I think this is an interesting article: “A Life in Art” By John Camp

This is a particularly inspired idea.

Of the successful artists I’ve known, I’d say that the two things that led to their success were compulsion (virtually to the extent of mental illness) to do the work, and the eventual ability to monetize the effort. Most of them never get that success—they’re finally ground down and give it up….

Both suggest that while inborn talent is of some utility, the thing that really determines success in the arts (or any other field) is simply doing it. Gladwell even suggests a standard: ten thousand hours. He suggests that if you work very hard a particular art form—art in the widest sense, including sports, music, law, medicine and so on—that you will begin to reach a mastery of it after 10,000 hours of hard work. That’s 40 hours a week (no cheating!) for five years, or 20 hours a week for ten.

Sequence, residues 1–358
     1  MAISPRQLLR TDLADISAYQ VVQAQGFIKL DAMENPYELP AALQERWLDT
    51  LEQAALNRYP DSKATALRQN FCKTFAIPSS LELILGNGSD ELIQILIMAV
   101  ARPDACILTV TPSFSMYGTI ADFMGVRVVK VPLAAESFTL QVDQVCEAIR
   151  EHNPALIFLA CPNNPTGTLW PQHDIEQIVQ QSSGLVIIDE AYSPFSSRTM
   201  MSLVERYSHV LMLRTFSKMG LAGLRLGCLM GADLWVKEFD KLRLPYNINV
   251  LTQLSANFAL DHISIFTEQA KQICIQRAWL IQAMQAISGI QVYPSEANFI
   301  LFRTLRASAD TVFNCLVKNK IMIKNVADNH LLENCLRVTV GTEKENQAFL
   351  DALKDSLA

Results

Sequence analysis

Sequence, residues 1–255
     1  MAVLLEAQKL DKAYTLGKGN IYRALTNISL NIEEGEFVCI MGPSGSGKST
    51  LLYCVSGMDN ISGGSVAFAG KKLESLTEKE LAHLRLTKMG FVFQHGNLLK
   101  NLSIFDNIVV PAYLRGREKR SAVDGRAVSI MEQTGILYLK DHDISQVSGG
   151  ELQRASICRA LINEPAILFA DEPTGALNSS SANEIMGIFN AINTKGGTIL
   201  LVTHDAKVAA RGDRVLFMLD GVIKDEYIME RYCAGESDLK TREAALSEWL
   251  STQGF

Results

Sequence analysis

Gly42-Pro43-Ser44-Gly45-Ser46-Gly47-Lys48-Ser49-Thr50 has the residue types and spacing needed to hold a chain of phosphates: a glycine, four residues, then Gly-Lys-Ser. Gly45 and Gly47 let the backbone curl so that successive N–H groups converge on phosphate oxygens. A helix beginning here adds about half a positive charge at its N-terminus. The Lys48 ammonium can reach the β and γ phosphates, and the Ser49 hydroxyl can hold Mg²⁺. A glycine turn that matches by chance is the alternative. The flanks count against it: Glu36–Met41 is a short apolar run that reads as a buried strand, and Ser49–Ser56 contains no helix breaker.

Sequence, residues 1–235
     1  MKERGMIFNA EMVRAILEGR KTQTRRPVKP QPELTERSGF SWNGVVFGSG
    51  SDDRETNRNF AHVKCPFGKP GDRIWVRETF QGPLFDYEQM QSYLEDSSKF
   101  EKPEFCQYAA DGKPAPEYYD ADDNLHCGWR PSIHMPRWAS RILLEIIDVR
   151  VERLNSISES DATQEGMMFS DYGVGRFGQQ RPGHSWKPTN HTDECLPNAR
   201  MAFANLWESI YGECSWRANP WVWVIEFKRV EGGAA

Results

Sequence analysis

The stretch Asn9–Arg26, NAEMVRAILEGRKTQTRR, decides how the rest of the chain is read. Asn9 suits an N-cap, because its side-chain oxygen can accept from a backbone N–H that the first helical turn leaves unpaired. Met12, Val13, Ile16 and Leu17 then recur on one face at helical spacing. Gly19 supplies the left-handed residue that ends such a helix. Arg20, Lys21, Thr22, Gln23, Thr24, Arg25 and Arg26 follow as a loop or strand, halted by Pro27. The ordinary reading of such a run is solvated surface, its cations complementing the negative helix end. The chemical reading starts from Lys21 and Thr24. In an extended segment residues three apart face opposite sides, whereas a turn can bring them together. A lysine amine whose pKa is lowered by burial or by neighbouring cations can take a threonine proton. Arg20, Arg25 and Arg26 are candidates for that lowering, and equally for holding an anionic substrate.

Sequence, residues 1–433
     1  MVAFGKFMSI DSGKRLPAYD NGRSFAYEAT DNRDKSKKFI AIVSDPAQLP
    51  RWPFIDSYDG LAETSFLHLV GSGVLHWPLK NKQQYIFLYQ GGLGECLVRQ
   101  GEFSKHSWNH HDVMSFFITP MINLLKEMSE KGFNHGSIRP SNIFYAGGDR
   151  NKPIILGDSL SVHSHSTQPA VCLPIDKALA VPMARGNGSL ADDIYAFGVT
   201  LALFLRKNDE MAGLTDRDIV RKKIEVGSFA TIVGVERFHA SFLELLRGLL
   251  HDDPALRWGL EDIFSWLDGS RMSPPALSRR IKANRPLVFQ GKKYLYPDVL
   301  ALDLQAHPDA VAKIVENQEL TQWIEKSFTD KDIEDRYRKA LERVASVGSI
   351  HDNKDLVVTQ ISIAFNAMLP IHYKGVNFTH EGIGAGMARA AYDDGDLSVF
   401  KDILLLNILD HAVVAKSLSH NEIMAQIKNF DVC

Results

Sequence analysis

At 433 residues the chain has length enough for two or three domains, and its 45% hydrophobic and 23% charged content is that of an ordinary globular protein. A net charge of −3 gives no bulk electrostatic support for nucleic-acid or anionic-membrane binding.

Check it out. Camp has some interesting ideas about what makes an artist and what it takes to excel at your chosen craft, writing or photography or editing or whatever. It boils down, as he notes above, to being a little crazy about it. Food for thought.

But most artists tend to be somewhat reclusive, because of the “compulsion” and “10,000 hours of work” aspects of their lives. They’re not back-slappers, drink-buyers, hale-fellow types.

So selling can be one of the toughest hurdles for a real artist to clear, even those who put in their time, who are doing excellent work.

Hah! I am definitely a “back-slapper, drink-buyer, hale-fellow type”, often to the detriment of my creative pursuits. I guess I have that working for me…and against me.

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